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NEW BRUNSWICK, NJ—In response to concerns about his residency, Luis Gonzalez resigned from his volunteer position as the Chairman of the Board of Commissioners at the New Brunswick Housing Authority (NBHA) on August 5.
“He resigned this afternoon,” said City Council President Kevin Egan at the City Council meeting, just four days after this newspaper reported Gonzalez was living outside New Brunswick in violation of city law.
Gonzalez was first appointed to the NBHA board in 2011, but he only lasted two weeks after being named Chairman on July 22.
During an interview on July 31, Gonzalez admitted to New Brunswick Today that he lived in Princeton, some 17 miles south of New Brunswick.
While it’s unclear whether state law requires board members to reside in the town where they serve, a city ordinance required Gonzalez to either live in the city or work full-time for the city government.
“He felt that the discussions about his residency were taking away from the good work that the Housing Authority board does,” said Jennifer Bradshaw, a spokesperson for Mayor James Cahill.
The agency operates and manages a handful of public housing complexes in the city, and administers the Section 8 housing choice voucher program. It also also plays a key role in real estate and construction, doubling as the city’s “redevelopment agency.”
As we reported, the agency has also entered into agreements to provide services to other housing authorities in Franklin, Bayonne, and Wilmington, Delaware.
The City Council and not Mayor Cahill, will technically select Gonzalez’s replacement. His term on the board was set to expire in April 2017.
Officials maintained that Gonzalez’s primary residence is on Lawrence Street in New Brunswick, but according to Gonzalez his parents now live there and he has re-located to Princeton.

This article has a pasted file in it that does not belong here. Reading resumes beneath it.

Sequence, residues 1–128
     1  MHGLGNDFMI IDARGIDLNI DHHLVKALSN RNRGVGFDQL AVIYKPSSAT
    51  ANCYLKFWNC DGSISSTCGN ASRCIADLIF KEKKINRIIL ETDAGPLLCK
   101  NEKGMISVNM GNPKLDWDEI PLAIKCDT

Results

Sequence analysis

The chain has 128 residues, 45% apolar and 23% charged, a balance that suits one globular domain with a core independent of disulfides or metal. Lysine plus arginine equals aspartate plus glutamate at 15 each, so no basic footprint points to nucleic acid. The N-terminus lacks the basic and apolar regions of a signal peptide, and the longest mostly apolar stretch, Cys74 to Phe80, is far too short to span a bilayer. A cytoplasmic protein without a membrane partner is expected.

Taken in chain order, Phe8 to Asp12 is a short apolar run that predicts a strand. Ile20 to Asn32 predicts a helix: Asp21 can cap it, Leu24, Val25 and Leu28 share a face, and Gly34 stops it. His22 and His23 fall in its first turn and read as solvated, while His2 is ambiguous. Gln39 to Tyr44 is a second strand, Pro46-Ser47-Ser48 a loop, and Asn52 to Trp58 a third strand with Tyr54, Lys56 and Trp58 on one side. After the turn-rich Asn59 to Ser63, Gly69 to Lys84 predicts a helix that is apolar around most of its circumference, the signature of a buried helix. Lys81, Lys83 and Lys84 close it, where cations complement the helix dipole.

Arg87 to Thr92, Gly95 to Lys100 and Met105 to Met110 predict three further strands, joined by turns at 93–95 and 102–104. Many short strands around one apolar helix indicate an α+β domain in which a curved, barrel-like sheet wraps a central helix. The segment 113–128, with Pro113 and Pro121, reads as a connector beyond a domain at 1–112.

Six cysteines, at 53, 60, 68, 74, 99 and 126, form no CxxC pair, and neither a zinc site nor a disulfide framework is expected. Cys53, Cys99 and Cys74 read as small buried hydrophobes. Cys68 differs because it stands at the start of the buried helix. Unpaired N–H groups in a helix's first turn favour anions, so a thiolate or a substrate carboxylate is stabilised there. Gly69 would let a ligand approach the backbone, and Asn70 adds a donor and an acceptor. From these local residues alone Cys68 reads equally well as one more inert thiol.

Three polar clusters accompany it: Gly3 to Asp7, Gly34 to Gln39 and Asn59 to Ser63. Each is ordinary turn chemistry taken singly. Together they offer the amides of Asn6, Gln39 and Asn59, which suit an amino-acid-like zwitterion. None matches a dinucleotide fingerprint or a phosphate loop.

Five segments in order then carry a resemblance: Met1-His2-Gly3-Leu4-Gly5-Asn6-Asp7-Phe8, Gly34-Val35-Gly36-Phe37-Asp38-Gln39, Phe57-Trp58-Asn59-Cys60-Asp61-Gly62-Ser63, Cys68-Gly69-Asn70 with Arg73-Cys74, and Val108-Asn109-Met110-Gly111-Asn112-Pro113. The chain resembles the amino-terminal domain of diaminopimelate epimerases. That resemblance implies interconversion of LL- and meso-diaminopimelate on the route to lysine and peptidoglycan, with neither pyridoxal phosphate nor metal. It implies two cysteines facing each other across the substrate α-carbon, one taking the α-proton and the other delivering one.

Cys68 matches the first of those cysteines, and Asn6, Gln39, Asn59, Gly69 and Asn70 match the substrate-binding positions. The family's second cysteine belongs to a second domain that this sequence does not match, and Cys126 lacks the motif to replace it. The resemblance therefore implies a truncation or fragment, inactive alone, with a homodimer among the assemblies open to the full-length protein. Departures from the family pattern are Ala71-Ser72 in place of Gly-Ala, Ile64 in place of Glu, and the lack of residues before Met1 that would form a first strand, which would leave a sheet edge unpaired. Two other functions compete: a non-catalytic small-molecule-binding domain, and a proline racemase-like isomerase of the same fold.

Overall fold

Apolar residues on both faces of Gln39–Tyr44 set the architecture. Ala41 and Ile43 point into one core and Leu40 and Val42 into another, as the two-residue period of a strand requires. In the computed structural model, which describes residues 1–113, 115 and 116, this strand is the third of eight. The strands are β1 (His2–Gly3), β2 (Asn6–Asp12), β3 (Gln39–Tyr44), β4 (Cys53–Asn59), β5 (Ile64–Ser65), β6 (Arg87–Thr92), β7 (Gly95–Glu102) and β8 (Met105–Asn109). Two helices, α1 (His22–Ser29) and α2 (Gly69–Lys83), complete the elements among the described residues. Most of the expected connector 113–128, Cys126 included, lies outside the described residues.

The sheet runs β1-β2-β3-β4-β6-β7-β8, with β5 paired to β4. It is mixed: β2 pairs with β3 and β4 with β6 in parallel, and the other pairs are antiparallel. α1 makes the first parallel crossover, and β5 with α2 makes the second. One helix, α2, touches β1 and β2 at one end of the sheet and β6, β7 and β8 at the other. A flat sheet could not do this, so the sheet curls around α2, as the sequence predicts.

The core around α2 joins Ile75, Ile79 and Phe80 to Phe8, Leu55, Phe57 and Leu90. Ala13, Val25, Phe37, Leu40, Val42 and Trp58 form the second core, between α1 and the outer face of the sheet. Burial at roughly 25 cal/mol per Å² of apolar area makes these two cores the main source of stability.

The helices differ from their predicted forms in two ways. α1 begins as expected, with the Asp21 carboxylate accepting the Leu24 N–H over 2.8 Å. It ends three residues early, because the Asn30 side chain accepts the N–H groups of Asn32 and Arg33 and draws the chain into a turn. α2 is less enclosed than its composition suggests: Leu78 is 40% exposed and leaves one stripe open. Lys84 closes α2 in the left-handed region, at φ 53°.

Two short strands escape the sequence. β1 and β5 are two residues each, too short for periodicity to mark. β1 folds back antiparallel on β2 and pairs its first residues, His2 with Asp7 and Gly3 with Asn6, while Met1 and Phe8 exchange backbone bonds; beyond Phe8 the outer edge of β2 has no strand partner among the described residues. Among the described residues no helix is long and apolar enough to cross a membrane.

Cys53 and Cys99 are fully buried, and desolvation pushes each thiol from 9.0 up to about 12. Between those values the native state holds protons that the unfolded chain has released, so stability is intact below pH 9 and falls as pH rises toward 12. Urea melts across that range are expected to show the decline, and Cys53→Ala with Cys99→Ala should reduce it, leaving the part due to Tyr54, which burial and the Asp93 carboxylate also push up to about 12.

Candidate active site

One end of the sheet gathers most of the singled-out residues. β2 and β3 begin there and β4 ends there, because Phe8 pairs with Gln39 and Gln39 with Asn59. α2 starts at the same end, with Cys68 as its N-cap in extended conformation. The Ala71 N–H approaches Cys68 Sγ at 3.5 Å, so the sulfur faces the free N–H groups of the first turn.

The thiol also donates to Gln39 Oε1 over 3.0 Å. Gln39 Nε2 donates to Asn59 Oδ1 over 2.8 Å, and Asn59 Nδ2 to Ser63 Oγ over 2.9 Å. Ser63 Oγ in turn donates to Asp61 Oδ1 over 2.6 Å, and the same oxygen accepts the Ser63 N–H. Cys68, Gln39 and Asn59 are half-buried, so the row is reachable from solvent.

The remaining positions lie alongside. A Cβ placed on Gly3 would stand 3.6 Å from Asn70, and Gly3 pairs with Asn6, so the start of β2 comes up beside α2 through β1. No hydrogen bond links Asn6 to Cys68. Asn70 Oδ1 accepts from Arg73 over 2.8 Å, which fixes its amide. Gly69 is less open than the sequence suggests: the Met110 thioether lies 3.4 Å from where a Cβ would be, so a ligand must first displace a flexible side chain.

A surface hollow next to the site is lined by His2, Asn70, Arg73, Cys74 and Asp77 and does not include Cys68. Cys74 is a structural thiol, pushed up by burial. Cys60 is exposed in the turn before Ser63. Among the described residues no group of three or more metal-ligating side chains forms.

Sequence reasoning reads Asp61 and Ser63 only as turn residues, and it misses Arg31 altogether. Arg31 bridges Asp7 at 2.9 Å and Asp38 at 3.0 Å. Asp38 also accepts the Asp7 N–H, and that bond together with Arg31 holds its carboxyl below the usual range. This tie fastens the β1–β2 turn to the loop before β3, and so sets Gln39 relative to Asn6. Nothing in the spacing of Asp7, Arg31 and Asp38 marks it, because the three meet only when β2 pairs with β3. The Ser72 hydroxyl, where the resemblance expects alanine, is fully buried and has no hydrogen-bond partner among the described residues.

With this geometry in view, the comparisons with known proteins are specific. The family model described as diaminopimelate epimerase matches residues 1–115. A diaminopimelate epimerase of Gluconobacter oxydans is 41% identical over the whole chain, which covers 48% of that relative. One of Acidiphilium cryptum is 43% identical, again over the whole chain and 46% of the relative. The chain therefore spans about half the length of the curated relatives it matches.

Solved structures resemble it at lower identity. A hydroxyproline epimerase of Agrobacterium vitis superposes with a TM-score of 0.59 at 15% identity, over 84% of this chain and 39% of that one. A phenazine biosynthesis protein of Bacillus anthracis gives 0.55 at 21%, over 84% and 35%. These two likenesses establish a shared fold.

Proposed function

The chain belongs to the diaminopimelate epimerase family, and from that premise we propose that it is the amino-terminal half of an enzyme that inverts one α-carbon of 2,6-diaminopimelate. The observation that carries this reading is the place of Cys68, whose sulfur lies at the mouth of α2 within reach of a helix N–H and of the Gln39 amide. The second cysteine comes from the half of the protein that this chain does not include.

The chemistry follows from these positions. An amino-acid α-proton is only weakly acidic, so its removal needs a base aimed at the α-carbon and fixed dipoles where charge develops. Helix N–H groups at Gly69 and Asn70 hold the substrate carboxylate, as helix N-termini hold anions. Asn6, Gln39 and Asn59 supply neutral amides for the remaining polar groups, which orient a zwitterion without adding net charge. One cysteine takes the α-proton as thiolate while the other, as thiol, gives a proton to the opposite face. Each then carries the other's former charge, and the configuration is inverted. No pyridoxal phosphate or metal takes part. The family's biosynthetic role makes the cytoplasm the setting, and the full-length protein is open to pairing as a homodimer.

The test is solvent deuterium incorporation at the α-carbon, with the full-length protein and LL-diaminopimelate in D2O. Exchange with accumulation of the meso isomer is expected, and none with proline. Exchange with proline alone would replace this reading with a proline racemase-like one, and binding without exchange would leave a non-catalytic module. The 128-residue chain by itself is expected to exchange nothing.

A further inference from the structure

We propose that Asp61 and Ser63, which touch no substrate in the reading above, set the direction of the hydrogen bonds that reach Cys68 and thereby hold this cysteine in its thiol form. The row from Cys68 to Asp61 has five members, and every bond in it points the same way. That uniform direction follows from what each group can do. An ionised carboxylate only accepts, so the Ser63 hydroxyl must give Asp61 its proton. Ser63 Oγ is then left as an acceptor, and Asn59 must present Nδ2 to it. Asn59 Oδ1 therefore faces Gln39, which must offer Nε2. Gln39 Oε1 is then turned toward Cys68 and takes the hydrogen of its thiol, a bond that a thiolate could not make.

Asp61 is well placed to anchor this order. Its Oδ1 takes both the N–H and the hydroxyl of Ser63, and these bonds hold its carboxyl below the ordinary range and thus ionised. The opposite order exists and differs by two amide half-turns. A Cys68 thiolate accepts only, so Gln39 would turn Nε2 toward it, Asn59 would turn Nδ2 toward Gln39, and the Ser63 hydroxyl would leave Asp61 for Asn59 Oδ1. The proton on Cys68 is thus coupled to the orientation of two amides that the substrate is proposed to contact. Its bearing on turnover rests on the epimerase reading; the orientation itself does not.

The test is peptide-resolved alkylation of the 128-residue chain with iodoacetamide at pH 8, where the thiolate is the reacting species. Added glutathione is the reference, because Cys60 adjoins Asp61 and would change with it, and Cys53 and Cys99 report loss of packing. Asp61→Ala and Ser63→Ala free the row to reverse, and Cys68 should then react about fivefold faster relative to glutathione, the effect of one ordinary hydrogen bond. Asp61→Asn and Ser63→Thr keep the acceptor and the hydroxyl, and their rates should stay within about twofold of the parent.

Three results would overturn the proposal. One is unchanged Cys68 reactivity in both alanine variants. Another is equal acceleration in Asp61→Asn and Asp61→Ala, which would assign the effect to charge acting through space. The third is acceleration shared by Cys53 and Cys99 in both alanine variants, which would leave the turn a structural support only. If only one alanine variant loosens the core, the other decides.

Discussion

Bradshaw had defended Gonzalez’s New Brunswick credentials, saying he “has two residences and the primary one is in New Brunswick.”
His own financial disclosure forms list no real estate holdings, even though he told New Brunswick Today he owns property in New Brunswick and Princeton.
Neither property is mentioned on Gonzalez’s annual financial disclosure forms in 2014 and 2015, which both come up under a slightly different spelling of his name: Gonzales.
Gonzalez works as a financial aid officer at Rutgers University, and previously worked for the New Brunswick Board of Education.
The August 2 New Brunswick Today article about Gonzalez becoming NBHA Chairman generated significant controversy, including many opinions on both sides of the issue of residency requirements.
“My family and his family been neighbors on Lawrence Street for over 20 years. He is a New Brunswick man. Leave him alone!!” wrote one commenter on Facebook.
Still, others argued that Gonzalez’s out-of-town residence was part of a longstanding pattern of misconduct within the agency and a larger theme of wealthy out-of-towners exploiting some of the city’s poorest residents.
“NBHA back in the day of 176 Memorial Homes everyone worked there then were all crooks,” said one commenter.
“I moved back to New Brunswick after 22 years, I was born and raised here and I couldn’t believe what I saw,” said another. “How this town was taken over and the people that been here all there lives let it happen. PUBLIC HOUSING IN THIS TOWN IS A MESS.”
Charlie is the founder and editor of New Brunswick Today, and the winner of the Awbrey Award for Community-Oriented Local Journalism. He is a proud Rutgers University journalism graduate, a community organizer, and a former independent candidate for mayor of New Brunswick.